John Griffith London (born John Griffith Chaney; January 12, 1876 – November 22, 1916) was raised in Oakland, California, by his spiritualist mother and his stepfather, whose surname, London, he took.
At age 14 he quit school to escape poverty and gain adventure. He explored San Francisco Bay in his sloop, alternately stealing oysters or working for the government fish patrol.
He went to Japan as a sailor and saw much of the United States as a hobo riding freight trains and as a member of Charles T. Kelly’s industrial army (one of the many protest armies of the unemployed, like Coxey’s Army, that was born of the financial panic of 1893). London saw depression conditions, was jailed for vagrancy, and in 1894 became a militant socialist.
London studied magazines and then set himself a daily schedule of producing sonnets, ballads, jokes, anecdotes, adventure stories, or horror stories, steadily increasing his output.
The optimism and energy with which he attacked his task are best conveyed in his autobiographical novel Martin Eden (1909). Within two years, stories of his Alaskan adventures began to win acceptance for their fresh subject matter and virile force.
His first book, The Son of the Wolf: Tales of the Far North (1900), a collection of short stories that he had previously published in magazines, gained a wide audience.
Jack and Charmian Kittredge were married in Chicago on November 19, 1905. The London’s settled in Glen Ellen, California at Wake Robin Lodge and began to purchase land on Sonoma Mountain to build their future dream home, the Wolf House.
During the remainder of his life, London wrote and published steadily, completing some 50 books of fiction and nonfiction in 17 years. Although he became the highest-paid writer in the United States at that time, his earnings never matched his expenditures, and he was never freed of the urgency of writing for money. (Britannica)
London spent much of the last year of his life in Hawai‘i. He and his wife Charmian arrived in the winter of 1915–16 and stayed through late July.
London loved Hawai‘i. “The New York dweller must wait till summer for the Adirondacks, till winter for the Florida beach. But in Hawaii, say on the island of Oahu, the Honolulu dweller can decide each day what climate and what season he desires to spend the day in.” (Cosmopolitan, October 16, 1916)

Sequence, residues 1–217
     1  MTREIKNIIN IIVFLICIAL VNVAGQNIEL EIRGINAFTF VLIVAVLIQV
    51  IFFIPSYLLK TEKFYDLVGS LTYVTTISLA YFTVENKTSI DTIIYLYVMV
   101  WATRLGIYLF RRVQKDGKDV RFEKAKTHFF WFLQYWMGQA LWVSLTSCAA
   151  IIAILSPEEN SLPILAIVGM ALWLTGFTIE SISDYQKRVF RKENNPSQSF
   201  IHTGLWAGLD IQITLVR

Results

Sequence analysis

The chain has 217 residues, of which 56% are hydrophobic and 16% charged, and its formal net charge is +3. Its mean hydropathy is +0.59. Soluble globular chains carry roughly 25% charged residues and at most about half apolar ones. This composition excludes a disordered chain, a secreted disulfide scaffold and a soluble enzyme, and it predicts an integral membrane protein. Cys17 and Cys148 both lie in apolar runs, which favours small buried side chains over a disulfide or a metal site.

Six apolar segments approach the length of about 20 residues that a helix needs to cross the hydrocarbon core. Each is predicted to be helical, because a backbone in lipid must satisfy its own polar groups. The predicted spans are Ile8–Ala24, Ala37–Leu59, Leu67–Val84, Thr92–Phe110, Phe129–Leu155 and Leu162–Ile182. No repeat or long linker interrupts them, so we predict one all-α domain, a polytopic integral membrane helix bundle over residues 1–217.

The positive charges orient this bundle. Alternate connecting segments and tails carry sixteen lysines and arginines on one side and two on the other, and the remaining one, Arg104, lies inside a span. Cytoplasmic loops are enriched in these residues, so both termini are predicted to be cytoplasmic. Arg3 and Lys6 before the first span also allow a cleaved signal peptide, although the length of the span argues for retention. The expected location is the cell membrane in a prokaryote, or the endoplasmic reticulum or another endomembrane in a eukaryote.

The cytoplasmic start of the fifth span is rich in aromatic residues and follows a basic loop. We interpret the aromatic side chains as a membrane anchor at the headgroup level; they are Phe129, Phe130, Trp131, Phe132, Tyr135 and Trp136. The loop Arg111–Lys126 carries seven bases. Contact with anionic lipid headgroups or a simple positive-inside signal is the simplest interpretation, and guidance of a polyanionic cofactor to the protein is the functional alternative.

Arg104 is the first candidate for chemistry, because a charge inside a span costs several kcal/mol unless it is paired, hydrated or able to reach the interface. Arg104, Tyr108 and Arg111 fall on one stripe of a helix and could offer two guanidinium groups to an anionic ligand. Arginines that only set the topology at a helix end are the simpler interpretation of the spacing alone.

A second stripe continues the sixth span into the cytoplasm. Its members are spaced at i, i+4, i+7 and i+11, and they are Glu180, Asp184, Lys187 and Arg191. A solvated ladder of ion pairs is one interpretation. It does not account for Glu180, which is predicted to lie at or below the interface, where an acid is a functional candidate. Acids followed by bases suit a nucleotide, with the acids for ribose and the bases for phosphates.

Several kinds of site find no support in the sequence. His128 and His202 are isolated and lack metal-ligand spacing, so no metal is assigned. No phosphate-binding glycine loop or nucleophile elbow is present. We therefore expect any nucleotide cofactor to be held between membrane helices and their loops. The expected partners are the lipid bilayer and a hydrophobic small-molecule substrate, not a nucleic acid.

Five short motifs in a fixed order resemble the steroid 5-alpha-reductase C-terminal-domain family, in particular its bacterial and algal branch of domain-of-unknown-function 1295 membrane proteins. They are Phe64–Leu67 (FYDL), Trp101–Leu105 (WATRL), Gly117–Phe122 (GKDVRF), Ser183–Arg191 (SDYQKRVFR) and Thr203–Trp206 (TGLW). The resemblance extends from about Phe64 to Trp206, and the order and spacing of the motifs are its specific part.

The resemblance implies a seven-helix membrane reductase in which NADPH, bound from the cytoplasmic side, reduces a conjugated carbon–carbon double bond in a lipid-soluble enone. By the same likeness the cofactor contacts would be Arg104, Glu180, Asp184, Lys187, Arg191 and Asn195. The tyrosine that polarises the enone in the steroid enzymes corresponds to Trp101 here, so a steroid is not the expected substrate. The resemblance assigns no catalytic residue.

It was the Londons’ second trip to the islands; their original visit in 1907 was the initial leg of their famous two-year voyage on his sailboat, the Snark. During that first trip, Jack fell in love not only with the locale but also its people.
In addition to travel essays, London wrote thirteen stories set in Hawaii, which were collected in two volumes, House of Pride (1912) and the posthumously published On the Makaloa Mat (1919).
One of these tales, “The Water Baby,” was the last story London completed, on October 2, 1916, and it is unlike anything he had previously written.
There is little in the way of action or adventure or human struggle; instead, the narrator John Lakana nurses a hangover while taking part in a largely one-sided conversation with Kohokumu, an old Hawaiian fisherman, whose very name (kumu) suggests a teacher or foundation.
(Lakana was the name given to London by Hawaiians, although, Charmian wrote in her journal, “how London can be transmuted into Lakana is as much a mystery as the mutation of [their friend] Thurston into Kakina.”) (Library of America)
“At any rate, my pleased partner struts as Lakana Kanaka (kanaka means literally man), while meekly I respond to Lakana Wahine.” (Charmian London)
London’s last trip to Hawai‘i lasted eight months during which time he met the Olympiad swimmer and Hawaiian surfer Duke Kahanamoku, Prince Jonah Kūhiō Kalaniana‘ole, Queen Lili‘uokalani and others, before returning to his Glen Ellen ranch in July 1916.
In the last two years of his life, he endured bouts of dysentery, gastric disorders and rheumatism. He and his wife made two extended recuperative trips to Hawaii, but London died on Beauty Ranch on November 22, 1916 at the age of 40.
He is buried at The 1,400-acre Jack London State Historic Park lies in the heart of Sonoma Valley wine country, some 60 miles north of San Francisco in Glen Ellen, California.
Originally, the land was the site of Jack London’s Beauty Ranch, where the author earnestly pursued his interests in scientific farming and animal husbandry.
“I ride out of my beautiful ranch,” London wrote. “Between my legs is a beautiful horse. The air is wine. The grapes on a score of rolling hills are red with autumn flame. Across Sonoma Mountain wisps of sea fog are stealing. The afternoon sun smolders in the drowsy sky. I have everything to make me glad I am alive.” (Smithsonian)
There is a museum in ‘The House of Happy Walls’ which Charmian built where you will find park information, exhibits and a small sales area. A nearby trail leads to Jack London’s grave and to the remains of ‘Wolf House,’ London’s dream house which was destroyed by fire in 1913. (CA Parks)